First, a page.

Laduree had the nicest muted turquoise-green entrance in a somewhat art-deco style with a butterly motif and purple accents. We sat at the bar at the back and had some of Laduree’s house-blend tea (very fragrant with roses and violets I suspect), and accompanied by some of their newest macaroons – mango & jasmine, muguet, bergamot and the violet-cassis ones. The mango and jasmine was mostly mango, with the slightest hint of jasmine and quite delicious with an almost jelly-like texture of the mango filling; the muguet tasted primarily of almonds, the bergamot was intense and impressive and the violet-cassis was a heavenly balance of floral sweetness and tart red fruits.
On the way to Laduree we spotted an Arabian Oud boutique and now was a good time to check it out. I smelled 5 types of oudh – two Indian and 3 Cambodian ouds, ranging from light and woody to smoky and animalic. My favourite was one mild Indian oudh and also another more smoky Cambodian oud. This is the first place I’ve seen that actually sells real oud as well as the oud wood chips. The shop owner was kind and knowledgeable and even let me take picture of him and the shop.

We than crossed the street and went over to Guerlain, where the walls of two story shop are stacked with shelves of perfume and eaux de cologne vats ranging from 500ml to 1 and 2 litres. On the second floor is where the exclusive perfumes reside – including Sous la Vent, which I had planned to impulsively buy on this trip and wear it in my 5 days in Paris so it would be how I remember the trip by. .. I tried it at Montreal once and was immediately smitten… I also smelled a few other perfumes there: Vetiver pour Elle, which I had hard time not buying on the spot as well (and my boyfriend loved too – he seems to be really into the vetivers I like – i.e. Sycamore and Vetiver Tonka and always comments on them). He was also smitten with white florals and I think Cruel Gardenia was his favourite. But than he’s also smitten with my gardenia plant that blooms in the middle of my living room…! I love the dry gin beginning of Sous la Vent. It is quite herbaceous and dry with only very little florals and gradually warms up into a chypre base with only the slightest hint of tonka bean. This is how I'm going to smell in the next few days...

By now it was time for dinner and we wanted to check out l’Atlas – a Morrocan restaurant at St. Germain. Unfortunately, 5pm was too early for them to be open and we had to find something else. Of course we knocked into another parfumerie on the way – Diptyque – and I got a chance to check out all the candles I was curious about (Flouve, Figue Vert, etc.) and their new eaux. I was particularly taken with the freesia soap though above all things.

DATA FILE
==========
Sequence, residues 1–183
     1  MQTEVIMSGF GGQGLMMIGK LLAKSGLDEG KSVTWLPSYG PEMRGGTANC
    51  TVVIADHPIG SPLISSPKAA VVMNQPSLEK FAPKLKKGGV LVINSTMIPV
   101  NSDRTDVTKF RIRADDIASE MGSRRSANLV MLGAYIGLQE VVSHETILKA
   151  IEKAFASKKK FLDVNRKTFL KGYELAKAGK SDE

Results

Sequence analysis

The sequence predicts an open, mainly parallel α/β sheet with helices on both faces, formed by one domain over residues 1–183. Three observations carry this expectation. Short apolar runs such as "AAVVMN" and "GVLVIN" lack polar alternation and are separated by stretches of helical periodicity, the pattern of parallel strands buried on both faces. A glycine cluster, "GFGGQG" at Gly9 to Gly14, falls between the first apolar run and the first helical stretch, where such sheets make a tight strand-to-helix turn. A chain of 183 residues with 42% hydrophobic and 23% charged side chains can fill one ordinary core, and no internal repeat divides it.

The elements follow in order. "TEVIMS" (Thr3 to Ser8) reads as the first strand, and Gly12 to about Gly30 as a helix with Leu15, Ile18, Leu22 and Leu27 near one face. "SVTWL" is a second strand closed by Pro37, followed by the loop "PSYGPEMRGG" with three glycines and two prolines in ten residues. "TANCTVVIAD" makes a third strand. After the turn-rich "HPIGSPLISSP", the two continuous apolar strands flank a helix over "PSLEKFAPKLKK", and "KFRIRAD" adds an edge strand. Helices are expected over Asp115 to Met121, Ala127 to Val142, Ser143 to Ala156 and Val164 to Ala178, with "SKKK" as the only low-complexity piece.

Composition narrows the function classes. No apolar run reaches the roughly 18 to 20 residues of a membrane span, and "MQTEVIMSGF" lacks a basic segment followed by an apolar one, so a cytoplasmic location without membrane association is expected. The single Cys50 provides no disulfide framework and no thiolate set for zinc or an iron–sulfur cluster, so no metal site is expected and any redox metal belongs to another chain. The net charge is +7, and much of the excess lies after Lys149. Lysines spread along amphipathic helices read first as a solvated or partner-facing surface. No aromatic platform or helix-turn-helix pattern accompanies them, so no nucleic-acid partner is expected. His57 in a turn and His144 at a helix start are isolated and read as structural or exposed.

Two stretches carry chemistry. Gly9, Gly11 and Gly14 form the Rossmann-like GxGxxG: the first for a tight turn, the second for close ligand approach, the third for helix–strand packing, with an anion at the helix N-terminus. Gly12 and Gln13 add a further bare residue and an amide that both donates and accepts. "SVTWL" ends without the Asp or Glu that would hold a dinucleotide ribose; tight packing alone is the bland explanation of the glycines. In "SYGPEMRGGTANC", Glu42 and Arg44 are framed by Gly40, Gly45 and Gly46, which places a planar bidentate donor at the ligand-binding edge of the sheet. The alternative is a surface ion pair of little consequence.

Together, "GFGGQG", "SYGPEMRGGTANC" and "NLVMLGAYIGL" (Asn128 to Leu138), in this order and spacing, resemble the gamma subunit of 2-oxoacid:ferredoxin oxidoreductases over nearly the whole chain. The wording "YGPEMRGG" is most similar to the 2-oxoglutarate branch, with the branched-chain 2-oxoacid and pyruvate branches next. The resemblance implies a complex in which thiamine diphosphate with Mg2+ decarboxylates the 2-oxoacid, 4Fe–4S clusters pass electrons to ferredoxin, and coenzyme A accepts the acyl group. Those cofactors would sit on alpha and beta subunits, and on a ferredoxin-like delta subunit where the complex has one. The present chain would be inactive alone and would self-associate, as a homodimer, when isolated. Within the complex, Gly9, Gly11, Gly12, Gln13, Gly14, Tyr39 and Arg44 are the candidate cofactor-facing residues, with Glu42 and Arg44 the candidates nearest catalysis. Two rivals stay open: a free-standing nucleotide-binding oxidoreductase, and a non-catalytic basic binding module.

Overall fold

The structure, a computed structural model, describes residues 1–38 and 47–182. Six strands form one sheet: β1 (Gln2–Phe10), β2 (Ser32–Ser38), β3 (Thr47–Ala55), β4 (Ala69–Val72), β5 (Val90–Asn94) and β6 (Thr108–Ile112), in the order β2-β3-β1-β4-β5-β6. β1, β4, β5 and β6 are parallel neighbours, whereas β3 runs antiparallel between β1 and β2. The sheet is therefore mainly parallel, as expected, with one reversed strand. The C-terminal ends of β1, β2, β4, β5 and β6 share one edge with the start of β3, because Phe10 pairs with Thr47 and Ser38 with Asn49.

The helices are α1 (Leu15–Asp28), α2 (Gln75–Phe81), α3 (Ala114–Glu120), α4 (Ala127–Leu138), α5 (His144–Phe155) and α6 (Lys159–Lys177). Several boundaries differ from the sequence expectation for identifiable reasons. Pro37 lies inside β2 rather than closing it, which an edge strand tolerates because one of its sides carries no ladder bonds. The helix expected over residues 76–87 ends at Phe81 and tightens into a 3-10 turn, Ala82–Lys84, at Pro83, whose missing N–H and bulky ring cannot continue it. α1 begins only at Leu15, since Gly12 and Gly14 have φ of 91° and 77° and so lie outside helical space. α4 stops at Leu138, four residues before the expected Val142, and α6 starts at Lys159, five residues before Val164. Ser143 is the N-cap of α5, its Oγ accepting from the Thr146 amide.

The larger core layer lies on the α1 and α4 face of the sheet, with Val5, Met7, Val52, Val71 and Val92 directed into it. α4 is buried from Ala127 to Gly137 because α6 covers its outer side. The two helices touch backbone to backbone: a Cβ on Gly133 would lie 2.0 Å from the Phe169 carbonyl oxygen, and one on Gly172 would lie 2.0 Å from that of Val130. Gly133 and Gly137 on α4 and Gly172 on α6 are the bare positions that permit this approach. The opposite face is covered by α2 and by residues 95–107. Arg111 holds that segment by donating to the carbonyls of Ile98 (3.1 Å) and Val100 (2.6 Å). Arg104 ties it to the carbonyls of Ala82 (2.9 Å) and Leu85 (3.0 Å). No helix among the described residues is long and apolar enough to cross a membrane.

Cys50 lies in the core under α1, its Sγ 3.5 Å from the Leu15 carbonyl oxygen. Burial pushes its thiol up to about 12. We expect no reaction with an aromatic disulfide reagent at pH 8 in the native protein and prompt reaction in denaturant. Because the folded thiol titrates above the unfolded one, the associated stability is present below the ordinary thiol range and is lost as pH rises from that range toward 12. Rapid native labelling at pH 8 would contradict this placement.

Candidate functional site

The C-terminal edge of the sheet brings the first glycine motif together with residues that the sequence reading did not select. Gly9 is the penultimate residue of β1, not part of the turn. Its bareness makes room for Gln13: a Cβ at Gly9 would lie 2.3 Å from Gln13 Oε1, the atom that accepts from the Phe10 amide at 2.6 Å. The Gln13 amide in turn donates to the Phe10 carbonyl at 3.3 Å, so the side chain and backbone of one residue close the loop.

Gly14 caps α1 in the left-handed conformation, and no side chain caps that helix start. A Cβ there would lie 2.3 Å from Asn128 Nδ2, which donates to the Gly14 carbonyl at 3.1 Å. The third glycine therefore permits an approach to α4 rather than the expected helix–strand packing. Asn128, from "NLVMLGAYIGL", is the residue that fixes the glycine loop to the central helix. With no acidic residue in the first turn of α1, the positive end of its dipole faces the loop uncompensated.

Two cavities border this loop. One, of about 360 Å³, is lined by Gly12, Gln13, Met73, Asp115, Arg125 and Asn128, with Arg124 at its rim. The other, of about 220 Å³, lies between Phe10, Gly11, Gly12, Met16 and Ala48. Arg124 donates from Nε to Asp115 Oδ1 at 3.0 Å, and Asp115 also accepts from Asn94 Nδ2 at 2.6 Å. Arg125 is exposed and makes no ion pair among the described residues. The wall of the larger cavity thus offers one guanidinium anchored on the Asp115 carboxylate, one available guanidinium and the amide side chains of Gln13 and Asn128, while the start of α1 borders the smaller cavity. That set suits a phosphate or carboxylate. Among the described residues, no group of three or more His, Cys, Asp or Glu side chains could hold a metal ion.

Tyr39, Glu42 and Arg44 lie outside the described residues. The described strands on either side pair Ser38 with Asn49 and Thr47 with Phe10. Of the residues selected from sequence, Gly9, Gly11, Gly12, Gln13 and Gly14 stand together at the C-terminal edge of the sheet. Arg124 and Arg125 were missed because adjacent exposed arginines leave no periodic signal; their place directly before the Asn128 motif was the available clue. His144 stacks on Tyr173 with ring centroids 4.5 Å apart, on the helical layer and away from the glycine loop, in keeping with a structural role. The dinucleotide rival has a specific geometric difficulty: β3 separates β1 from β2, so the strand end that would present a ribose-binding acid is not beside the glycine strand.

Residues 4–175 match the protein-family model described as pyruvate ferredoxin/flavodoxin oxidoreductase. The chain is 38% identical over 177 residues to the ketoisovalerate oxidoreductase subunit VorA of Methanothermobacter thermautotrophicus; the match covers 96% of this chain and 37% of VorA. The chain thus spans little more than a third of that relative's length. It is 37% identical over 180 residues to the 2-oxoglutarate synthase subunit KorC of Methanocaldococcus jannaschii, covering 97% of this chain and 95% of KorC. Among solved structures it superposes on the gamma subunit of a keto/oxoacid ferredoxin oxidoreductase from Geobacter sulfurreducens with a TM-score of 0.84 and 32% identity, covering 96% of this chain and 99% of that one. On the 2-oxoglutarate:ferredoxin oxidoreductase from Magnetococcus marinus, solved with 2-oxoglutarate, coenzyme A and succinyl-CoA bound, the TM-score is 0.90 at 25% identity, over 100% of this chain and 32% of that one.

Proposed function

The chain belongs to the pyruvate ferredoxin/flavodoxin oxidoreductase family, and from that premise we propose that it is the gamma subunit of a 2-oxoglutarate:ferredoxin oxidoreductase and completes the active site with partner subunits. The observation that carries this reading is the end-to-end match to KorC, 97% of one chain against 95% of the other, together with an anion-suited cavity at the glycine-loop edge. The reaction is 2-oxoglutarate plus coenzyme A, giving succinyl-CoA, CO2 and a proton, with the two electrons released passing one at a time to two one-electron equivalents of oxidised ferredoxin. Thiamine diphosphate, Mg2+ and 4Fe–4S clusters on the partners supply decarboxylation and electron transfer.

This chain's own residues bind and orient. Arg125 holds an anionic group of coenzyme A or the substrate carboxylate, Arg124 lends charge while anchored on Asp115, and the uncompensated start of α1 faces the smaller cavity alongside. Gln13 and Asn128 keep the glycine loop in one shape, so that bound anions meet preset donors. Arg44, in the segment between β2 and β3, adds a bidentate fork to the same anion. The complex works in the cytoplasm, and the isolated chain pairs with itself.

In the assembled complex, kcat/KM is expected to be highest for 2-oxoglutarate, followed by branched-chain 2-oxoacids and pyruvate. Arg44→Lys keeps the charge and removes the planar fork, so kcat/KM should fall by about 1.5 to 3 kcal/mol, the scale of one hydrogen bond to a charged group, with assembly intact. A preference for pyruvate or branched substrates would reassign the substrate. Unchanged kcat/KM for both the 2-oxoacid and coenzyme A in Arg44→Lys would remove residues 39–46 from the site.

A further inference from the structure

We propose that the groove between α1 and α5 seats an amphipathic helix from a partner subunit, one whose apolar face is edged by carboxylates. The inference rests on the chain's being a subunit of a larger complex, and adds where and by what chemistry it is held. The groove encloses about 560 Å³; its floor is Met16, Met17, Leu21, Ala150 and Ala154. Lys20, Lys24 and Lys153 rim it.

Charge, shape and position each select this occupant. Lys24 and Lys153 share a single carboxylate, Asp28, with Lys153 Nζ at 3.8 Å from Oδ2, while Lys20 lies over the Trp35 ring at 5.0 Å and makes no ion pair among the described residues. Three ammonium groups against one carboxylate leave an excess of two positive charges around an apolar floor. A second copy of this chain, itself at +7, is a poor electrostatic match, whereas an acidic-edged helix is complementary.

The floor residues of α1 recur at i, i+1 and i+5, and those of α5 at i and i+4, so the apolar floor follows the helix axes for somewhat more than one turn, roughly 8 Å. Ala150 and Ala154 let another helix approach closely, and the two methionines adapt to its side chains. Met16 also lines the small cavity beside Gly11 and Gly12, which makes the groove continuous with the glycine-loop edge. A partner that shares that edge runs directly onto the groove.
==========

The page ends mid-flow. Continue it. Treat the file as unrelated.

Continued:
We went on and had some cheese fondue in a little side street and got scratched by a friendly yet aggressive resident cat and than went home all the way through Notre-Dame and along the Sienne, going through the Louvre and Jardin de Tuilleries and than all along the Champs Elysees and Arc de Triumph.

The Search for Indentity

"In this business, we give our time and know-how to bring happiness." - perfumer Francis Kurkdjian for the Herald Tribune.

Read the rest of the article to find out more about l'Artisan Parfumeur's "Mon Numéro" line of single-edition perfumes by Bertrand Duchaufour, bespoke services by Cartier, Guerlain and Francis Kurkdjian.

Interestingly, they mention that some floral essences cost $5,000 per kilo ($146 per ounce). I can reassure you floral essences can cost far more than that. For example, Orange Blossom Absolute costs almost $400 per ounce; Genet (Broom) absolute costs over $500 per ounce; orris butter costs more than $700 per ounce; and the last time I checked, Boronia absolute was over $1,400 per ounce.

P.s. the above image is of a one-of-a-kind bottle, designed by Pascale Riberolles for L'Artisan Parfumeur's Mon Numéro.

Visit to the Guerlain Insitute de Beaute in Montréal

The two urban highlights of my (very short) visit to Montreal were the Yves Saint Laurent Haute Couture exhibit at the art museum (launched before his sudden death); and paying a visit to the Guerlain Insititue Beaute (1350 Greene Avenue 514-933-6114) accompanied by the fine lady Joann, a customer and a perfume-friend.
While the YSL exhibit had no particular odorous to report about, the Guerlain Institute is what it’s all about (unless you are there for the makeup). Time was short before closing – we only had about an our to explore some of the scents exclusive to Paris and very few other boutiques. For the first time, I have tried several scents and even though I was only able to skin-test a couple (Sous le Vent and Attrappe Coeur), I jotted down my impressions:

Sous le Vent
On the paper:
Chypre, dry, fresh, herbaceous
On the skin:
Warm, sensual, pronounced labdanum, lavender, greens
Dry, woody, citrusy, unsweet

Attrappe Couer
Peach, like Champagne (Yvresse) but deeper, and with a fair amount of labdanum (amber)
Peach, amber and musk are the main notes with a vague floral weaving its way through for good measure. This smelled bolder and more interesting on the scent strip and became very soft and a little too girly, powdery and sweet on my skin.

Philtre d’Amour
Dry citrus chypre. Base is mostly patchouli, with herbaceous and citrus notes and a hint of floral. First reminded me of my own ArbitRary, and a few hours into the drydown reminds me of a tamed and toned-down Aromatics Elixir.

Cruel Gardenia:
On paper: soapy musk with a faded gardenia note
On the skin it smells like gardenia and skin.
It did smell better on Joann, whos skin brought out the gardenia in a most realistic manner. We both agreed it had a certain soapiness to it though, which I thought of as very similar to Chanel’s No. 22.

Bois d'Armenie
This smells like a subdued Serge Lutens to me. It is more sweet than woody, with resinous hints bordering on amber territory with obvious wink towards Shalimar. A little too sweet to my taste and Shalimar is incomparably better.

I’ve also briefly re-visited what used to be called Coriolan (for the first time, the helicrysum and absinthe jumped at me, dry and recognizable); the new Guerlain Homme (pleasant and interesting with warm gourmand hints; nevertheless not exactly what I would call original – I could swear I smelled something similar to it recently; perhaps Rochas Homme?); Spirituese Double Vanille (super-charged vanilla that caught me in a dry, anti-vanilla mood but otherwise I would have considered it very wearable).